Perl Reference Guide

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					Perl Reference Guide
for Perl version 5.000

Perl program designed and created by
Larry Wall <>

Reference guide designed and created by
Johan Vromans <>

<> identified items not in perl 4 with .

  1.   Command line options
  2.   Literals
  3.   Variables
  4.   Operators
  5.   Statements
  6.   Subroutines, packages and modules
  7.   Object oriented programming
  8.   Arithmetic functions
  9.   Conversion functions
 10.   Structure conversion
 11.   String functions
 12.   Array and list functions
 13.   Regular expressions
 14.   Search and replace functions
 15.   File test operators
 16.   File operations
 17.   Input / Output
 18.   Formats
 19.   Directory reading routines
 20.   System interaction
 21.   Networking
 22.   SystemV IPC
 23.   Miscellaneous
 24.   Info from system files
 25.   Special variables
 26.   Special arrays
 27.   Environment variables
 28.   The perl debugger

Rev. 5.000.0
Perl Reference Guide
fixed          denotes literal text.
THIS           means variable text, i.e. things you must fill in.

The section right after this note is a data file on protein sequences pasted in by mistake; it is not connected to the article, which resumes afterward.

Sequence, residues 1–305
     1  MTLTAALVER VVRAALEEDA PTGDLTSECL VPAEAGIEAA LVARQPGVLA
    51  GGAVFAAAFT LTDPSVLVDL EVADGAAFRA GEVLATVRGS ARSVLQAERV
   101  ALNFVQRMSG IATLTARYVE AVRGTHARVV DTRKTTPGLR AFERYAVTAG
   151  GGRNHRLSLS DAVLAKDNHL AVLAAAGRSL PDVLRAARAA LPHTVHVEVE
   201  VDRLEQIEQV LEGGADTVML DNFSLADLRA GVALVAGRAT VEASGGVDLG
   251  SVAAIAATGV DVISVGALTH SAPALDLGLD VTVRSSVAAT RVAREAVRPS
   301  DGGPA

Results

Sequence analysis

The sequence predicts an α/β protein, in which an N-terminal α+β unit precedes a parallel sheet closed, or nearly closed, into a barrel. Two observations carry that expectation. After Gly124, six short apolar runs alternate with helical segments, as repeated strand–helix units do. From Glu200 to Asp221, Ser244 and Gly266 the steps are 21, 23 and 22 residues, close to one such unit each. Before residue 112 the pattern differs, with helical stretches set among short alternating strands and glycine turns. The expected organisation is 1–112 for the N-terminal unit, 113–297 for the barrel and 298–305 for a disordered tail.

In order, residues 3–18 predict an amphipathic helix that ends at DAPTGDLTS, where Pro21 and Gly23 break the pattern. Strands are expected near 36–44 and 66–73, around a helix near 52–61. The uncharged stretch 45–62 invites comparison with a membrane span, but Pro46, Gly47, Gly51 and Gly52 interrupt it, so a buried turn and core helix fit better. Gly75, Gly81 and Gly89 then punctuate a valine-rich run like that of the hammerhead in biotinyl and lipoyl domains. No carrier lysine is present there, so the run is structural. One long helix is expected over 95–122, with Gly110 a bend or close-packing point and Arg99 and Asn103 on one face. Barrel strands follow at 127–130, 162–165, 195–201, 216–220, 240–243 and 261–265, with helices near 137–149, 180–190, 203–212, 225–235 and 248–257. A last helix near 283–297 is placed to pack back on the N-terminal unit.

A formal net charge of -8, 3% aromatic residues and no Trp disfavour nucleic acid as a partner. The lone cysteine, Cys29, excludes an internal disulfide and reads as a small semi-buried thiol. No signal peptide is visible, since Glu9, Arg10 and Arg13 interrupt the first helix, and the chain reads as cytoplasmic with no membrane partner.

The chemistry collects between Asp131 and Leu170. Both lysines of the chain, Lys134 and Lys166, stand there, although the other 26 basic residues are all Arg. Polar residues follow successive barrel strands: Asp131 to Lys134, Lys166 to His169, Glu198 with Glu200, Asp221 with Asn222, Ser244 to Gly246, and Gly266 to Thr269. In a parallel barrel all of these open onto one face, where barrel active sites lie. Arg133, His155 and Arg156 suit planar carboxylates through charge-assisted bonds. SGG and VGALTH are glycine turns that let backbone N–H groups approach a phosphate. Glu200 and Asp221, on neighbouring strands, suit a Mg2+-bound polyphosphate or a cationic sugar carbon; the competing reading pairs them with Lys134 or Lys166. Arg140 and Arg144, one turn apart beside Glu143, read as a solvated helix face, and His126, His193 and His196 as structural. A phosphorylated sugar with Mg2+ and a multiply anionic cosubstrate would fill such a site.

THIS       y   means that THIS will default to $_ if omitted.
THIS       z   means THIS is new beginning with Perl version 5.
word           is a keyword, i.e. a word with a special meaning.
 RET           denotes pressing a keyboard key.
[: : : ]       denotes an optional part.

1. Command line options
-a turns on autosplit mode when used with -n or -p. Splits to @F.
-c checks syntax but does not execute.
-d runs script under debugger. “-de 0” starts debugger without script.
      sets debugging flags.
      may be used to enter one line of script. Multiple -e commands may be
      given to build up a multi-line script.

      specifies a regular expression to split on if -a is in effect.
-i EXT
      files processed by the < > construct are to be edited in-place.
      with -P: tells the C preprocessor where to look for include files. The
      directory is prepended to @INC.
-l [ OCTNUM ]
      enables automatic line ending processing, e.g. -l013.
-n assumes an input loop around your script. Lines are not printed.
-p assumes an input loop around your script. Lines are printed.
-P runs the C preprocessor on the script before compilation by perl.